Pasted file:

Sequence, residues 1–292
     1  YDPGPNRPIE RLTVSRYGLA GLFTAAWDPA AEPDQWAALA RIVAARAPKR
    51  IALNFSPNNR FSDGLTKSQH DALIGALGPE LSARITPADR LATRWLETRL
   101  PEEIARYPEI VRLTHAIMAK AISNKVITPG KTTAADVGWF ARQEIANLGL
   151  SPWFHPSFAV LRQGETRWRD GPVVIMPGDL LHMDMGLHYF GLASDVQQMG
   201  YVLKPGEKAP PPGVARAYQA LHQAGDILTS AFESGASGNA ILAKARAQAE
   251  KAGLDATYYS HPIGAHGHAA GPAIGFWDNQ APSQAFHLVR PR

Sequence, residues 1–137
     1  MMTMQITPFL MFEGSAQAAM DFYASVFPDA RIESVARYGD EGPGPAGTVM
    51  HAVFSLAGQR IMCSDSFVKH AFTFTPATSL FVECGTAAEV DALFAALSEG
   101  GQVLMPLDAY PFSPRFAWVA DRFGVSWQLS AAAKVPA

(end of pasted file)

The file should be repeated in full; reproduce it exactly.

Sequence, residues 1–292
     1  YDPGPNRPIE RLTVSRYGLA GLFTAAWDPA AEPDQWAALA RIVAARAPKR
    51  IALNFSPNNR FSDGLTKSQH DALIGALGPE LSARITPADR LATRWLETRL
   101  PEEIARYPEI VRLTHAIMAK AISNKVITPG KTTAADVGWF ARQEIANLGL
   151  SPWFHPSFAV LRQGETRWRD GPVVIMPGDL LHMDMGLHYF GLASDVQQMG
   201  YVLKPGEKAP PPGVARAYQA LHQAGDILTS AFESGASGNA ILAKARAQAE
   251  KAGLDATYYS HPIGAHGHAA GPAIGFWDNQ APSQAFHLVR PR

Sequence, residues 1–137
     1  MMTMQITPFL MFEGSAQAAM DFYASVFPDA RIESVARYGD EGPGPAGTVM
    51  HAVFSLAGQR IMCSDSFVKH AFTFTPATSL FVECGTAAEV DALFAALSEG
   101  GQVLMPLDAY PFSPRFAWVA DRFGVSWQLS AAAKVPA